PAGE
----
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FORT ST. JOHN, BC- A grade six class at Anne Roberts Young elementary school took extra steps in honouring National Day of Truth and Reconciliation by engaging students in a blanket activity.
Pat Jansen, Indigenous Education Program district principal, said each blanket represented a piece of Canada, known as part of Turtle Island in Indigenous culture.
“The students are on their own traditional lands, and they experience how the land was slowly taken away, and how their life had changed because of that,” said Jansen.
“A lot of Indigenous culture changed because of the displacement.”
Students moved through history, taking turns reading from scrolls with information on a variety of topics, such as the veteran act, treaties, residential schools, and Shannon’s Dream.
The activity also included artifacts representing Indigenous culture.
Students were grateful for the experience and left the activity with a better understanding of the meaning of truth and reconciliation.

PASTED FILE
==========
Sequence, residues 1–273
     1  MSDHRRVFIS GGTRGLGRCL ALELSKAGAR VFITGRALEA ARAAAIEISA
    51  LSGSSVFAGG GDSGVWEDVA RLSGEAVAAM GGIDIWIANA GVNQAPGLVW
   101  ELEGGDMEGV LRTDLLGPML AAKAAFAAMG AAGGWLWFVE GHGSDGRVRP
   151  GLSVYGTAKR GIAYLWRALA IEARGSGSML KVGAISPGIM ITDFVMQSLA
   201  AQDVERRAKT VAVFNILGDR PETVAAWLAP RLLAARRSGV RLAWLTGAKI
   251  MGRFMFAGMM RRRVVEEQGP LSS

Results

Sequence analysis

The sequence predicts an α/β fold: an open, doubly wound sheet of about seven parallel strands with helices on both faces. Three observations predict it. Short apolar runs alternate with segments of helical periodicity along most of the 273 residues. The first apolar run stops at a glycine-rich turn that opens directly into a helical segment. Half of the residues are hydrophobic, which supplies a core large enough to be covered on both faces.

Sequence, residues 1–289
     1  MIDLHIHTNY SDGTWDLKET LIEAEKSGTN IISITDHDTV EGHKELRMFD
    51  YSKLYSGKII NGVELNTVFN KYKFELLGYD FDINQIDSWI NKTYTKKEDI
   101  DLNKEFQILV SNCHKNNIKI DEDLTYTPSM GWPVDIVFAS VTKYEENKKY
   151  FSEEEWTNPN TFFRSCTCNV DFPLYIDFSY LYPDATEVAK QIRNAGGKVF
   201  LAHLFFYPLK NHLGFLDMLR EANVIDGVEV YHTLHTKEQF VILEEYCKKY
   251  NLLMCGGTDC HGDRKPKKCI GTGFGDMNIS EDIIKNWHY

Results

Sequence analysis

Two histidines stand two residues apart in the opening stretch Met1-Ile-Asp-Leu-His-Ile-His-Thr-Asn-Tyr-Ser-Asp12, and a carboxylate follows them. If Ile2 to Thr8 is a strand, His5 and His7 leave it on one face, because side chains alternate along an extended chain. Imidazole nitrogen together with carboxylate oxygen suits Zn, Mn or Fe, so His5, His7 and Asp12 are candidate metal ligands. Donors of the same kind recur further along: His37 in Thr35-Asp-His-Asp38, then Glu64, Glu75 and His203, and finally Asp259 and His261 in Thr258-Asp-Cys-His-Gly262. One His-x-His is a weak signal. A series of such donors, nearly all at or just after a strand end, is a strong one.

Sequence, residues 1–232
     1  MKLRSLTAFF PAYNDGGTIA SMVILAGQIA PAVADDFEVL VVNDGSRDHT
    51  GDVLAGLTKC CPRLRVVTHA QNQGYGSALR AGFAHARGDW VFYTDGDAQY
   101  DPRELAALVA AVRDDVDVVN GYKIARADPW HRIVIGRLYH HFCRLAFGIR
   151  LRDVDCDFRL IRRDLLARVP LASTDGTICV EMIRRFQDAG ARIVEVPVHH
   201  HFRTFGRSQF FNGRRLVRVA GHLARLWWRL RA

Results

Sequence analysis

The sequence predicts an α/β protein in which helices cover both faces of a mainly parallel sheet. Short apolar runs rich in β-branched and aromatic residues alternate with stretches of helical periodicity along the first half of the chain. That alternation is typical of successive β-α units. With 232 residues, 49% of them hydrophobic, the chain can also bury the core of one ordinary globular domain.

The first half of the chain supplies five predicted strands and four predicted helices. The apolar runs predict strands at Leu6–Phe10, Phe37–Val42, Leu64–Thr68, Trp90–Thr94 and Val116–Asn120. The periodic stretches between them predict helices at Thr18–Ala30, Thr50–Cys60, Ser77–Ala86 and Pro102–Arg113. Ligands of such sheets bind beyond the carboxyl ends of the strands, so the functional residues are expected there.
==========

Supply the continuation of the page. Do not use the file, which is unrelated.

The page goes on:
The class’s teacher, Jason English, believes implementing these types of activities into the curriculum is a powerful way to send the message of truth and reconciliation.
“I don’t think students in the past had the opportunity to see the history in black and white in harsh terms and how sad it was to see how people were treated,” said English.
“I think the hands-on stuff, learning as the blankets are removed and the students are put into residential schools, my students can empathize with that.”
Jansen said although it’s not always an easy topic, it’s important for children to learn the history of the land they live on.
“It can be emotionally triggering, and it’s disheartening, but it also leaves the kids with a sense of reconciliation,” said Jansen.
“As a people, it’s important that we understand where we came from. If you understand where you came from, then you understand where you’re going.”
National Day of Truth and Reconciliation takes place this Friday, September 30th.
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